Whether you’re riding your road bike to work, are training for a triathlon or hitting the mountain bike trails, proper warm-ups and stretches prevent injury and improve your performance and stamina wherever your two wheels take you.
It’s vital to stretch and target the primary muscle groups used during biking before you take your seat — including the glutes, hamstrings, hip flexors, shoulders and quadriceps.
Try adding the five yoga poses detailed below to your routine and let us know how they influence your riding.
Cat-Cows will warm-up the muscles surrounding your spine and help bring flexibility to your glutes as you’re hunched over on your bike.
To begin, come to all fours with your knees stacked under your ankles and your hands pressed under your shoulders. Inhale, gaze up and lift your tailbone toward the sky, as you widen through your chest. Exhale, tuck and round, chin to chest, as you tuck your pelvis.
*Repeat for 30 seconds–1 minute.
High Lunge will light-up your quads, hip flexors, and hamstrings.
Begin in a low lunge with your right ankle aligned under your right knee with your legs hip-width distance apart. Engage through left leg. Engage your core as you begin to rise up to standing. Hug your shoulder blades down your spine and gaze ahead.
*Repeat on both sides and hold each for 20 seconds.
Chair Pose will warm-up your quads, shoulders, chest, and belly.
Come to standing and then sit down low with your big toes either touching or your feet hip-width distance apart. Keep your knees stacked over your ankles. Widen through your chest and externally rotate your arms.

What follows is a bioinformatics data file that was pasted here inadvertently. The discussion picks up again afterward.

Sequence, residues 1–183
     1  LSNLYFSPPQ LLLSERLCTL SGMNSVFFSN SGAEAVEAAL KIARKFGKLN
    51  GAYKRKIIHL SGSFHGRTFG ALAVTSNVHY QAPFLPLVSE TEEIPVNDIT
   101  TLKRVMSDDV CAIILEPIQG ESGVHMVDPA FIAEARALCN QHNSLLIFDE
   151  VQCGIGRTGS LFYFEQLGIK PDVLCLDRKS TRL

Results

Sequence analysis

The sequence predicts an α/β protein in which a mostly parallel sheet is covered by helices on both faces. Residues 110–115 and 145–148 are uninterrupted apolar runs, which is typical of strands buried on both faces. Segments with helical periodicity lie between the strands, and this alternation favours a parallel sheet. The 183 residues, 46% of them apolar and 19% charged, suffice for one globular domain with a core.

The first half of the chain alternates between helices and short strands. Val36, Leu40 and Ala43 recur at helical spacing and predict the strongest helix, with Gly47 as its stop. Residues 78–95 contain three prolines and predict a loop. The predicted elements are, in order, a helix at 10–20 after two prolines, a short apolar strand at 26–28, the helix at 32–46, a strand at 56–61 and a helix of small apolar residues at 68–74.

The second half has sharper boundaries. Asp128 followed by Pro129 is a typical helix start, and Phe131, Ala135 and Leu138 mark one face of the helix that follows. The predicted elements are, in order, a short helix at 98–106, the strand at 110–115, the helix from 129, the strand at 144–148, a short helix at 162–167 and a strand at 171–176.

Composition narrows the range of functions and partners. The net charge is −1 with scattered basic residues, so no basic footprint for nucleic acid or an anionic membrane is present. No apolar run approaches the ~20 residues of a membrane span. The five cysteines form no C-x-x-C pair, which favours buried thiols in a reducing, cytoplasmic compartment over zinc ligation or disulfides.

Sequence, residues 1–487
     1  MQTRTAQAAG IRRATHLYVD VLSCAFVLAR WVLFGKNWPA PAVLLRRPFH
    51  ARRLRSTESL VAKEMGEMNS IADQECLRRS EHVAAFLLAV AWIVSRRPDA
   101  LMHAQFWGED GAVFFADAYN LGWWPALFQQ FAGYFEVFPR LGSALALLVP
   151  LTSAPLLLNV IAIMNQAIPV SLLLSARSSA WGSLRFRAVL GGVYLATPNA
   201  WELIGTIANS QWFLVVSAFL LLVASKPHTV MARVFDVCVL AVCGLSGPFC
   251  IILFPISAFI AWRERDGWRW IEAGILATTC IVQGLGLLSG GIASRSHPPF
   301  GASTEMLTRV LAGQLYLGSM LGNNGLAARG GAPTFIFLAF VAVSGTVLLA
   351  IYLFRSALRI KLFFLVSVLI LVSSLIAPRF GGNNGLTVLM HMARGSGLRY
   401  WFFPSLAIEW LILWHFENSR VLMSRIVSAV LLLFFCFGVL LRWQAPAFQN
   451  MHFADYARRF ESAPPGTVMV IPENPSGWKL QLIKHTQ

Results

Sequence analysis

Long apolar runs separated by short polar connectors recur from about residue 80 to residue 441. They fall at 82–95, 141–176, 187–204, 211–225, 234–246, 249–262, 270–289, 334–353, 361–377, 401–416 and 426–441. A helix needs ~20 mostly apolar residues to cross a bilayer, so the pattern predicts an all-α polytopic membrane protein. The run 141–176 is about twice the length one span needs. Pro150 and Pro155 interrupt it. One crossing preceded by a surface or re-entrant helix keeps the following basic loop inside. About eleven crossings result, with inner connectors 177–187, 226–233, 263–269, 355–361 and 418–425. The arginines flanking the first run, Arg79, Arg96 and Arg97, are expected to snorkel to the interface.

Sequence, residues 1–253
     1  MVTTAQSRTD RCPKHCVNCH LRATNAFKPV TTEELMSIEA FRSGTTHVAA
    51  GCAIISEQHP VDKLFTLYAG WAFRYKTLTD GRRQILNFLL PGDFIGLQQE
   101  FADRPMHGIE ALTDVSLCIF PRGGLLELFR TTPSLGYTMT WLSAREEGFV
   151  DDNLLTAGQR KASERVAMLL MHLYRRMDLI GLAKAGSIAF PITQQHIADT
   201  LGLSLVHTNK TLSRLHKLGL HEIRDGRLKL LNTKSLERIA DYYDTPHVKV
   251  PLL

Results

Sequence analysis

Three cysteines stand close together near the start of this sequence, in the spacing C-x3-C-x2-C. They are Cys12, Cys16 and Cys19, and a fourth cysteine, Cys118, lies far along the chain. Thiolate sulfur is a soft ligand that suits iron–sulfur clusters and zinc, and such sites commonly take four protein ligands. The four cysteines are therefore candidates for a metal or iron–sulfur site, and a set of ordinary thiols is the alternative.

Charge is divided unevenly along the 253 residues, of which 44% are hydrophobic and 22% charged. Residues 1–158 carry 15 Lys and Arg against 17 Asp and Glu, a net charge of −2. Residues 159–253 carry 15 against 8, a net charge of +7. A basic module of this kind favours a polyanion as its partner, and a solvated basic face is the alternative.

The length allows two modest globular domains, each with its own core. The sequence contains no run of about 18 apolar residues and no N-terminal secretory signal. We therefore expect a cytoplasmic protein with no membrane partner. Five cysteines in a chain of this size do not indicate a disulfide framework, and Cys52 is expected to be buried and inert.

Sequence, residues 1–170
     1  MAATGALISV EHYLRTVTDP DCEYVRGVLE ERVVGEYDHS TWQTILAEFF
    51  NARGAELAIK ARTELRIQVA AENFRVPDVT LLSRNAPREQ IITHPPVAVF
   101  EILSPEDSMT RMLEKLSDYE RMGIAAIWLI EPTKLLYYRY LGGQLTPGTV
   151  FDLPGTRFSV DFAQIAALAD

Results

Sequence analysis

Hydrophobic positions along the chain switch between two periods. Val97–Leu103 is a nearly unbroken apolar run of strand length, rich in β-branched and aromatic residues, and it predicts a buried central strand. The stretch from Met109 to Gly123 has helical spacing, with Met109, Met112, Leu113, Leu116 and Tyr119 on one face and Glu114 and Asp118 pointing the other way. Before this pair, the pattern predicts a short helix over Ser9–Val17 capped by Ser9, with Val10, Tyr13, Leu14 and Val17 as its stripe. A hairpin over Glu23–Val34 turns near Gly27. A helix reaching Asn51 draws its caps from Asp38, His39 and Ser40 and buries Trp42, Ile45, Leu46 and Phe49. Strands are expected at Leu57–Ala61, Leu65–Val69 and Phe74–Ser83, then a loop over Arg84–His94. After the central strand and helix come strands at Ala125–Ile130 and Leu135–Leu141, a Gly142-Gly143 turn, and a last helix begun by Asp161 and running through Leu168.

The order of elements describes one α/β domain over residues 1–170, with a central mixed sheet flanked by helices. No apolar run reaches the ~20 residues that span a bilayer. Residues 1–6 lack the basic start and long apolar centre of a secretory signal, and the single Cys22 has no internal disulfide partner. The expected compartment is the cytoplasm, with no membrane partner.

*Hold this pose for at least 20 seconds.
This pose will stretch the spine and hamstrings, soften the knees, and release the head, neck, and shoulders.
Begin by standing with your feet hip-width distance apart and then soften your knees and roll down. Lightly touch the ground or allow your hands to dangle. Release your head and neck. Then, if confident, interlace opposite biceps and gently swag back and forth. Focus on lengthening through the spine rather than straightening the knees.
*Hold this pose for 30 seconds.
This pose will stretch the hips, quads, and glutes. It’s also a great pose to practice after you are done biking.
Begin in a low lunge on your right side and then toe-heel your foot out to the side of your mat or space. Release your left knee to the earth. Bring your palms to the inside of your right foot or even your forearms if you have the flexibility. If you’re confident, then release your head and neck.
For a deeper stretch, bend your left knee and reach around and grab the outside of your left foot with your left hand. Keep your left hand firmly planted and lengthen through your chest.
Remember to always listen to your body to strive for sensation rather than pain when trying this sequence. Happy riding!